Community, Citizenship, and the Search for National Identity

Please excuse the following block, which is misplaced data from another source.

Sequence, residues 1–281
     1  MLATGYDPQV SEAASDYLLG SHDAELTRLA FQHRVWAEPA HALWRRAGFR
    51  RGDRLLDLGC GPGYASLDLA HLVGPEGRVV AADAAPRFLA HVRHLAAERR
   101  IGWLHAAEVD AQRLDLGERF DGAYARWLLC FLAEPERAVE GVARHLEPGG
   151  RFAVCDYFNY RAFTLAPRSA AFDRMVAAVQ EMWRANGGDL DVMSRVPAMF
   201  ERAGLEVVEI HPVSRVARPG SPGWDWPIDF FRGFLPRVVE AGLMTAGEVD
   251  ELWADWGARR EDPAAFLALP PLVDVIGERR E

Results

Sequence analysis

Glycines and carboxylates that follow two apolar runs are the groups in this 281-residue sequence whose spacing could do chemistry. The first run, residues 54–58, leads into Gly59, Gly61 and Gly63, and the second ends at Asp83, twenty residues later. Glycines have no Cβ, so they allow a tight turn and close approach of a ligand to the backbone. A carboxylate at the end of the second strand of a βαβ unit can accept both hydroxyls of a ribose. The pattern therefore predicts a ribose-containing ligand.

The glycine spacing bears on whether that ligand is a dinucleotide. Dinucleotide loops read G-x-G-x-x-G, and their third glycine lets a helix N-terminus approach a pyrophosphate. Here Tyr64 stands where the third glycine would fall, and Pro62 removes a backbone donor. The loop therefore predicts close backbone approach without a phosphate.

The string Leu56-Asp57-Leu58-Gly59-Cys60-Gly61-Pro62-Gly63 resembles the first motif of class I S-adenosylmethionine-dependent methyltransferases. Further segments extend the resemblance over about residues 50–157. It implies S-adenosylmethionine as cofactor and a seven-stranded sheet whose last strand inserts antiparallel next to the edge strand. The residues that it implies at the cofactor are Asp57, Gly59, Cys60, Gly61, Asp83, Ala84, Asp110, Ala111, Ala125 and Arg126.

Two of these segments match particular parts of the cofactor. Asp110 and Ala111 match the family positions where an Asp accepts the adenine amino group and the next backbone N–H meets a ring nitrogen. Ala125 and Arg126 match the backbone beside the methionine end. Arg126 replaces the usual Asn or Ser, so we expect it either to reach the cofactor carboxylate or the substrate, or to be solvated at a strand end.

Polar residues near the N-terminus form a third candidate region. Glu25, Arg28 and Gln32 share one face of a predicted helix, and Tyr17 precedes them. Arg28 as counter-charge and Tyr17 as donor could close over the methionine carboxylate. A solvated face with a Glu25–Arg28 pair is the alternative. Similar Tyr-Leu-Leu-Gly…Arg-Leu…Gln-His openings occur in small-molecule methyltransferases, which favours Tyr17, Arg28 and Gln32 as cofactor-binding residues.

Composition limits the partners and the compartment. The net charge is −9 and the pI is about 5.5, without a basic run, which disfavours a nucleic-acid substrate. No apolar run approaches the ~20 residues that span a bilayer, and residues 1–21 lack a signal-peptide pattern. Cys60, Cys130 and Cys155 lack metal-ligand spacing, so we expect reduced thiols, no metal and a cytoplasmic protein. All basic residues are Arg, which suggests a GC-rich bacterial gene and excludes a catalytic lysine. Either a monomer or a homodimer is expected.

As a test of this proposition, I want to explore the issue of alienage restrictions. Under what circumstances is it justifiable to draw lines based on whether a person is a citizen? Lines drawn on the basis of citizenship are a useful test of how seriously we take the idea of the nation as a relevant community and, more tangentially, of how seriously we take the idea of community itself. To the extent that we are skeptical of such lines, our concerns are to that extent individual-oriented, primarily focused on the adverse consequences of excluding some people from benefits or privileges available to others. But to the extent that we are preoccupied with these individualistic ideals, we may discover that we weaken a sense of community and dilute the social glue that holds us together. Perhaps as an empirical matter this is untrue. There are no meters to measure the current extent or intensity of community attachment. But I want at least to offer some speculations about such matters, recognizing that the issue is not whether the empirical speculations are true, but whether it is even permissible to speculate about these questions. A good test of whether we remain shackled to individualism even as we talk about communitarianism is in the extent to which we will seriously contemplate communitarian goals that require some sacrifice of individualistic principles.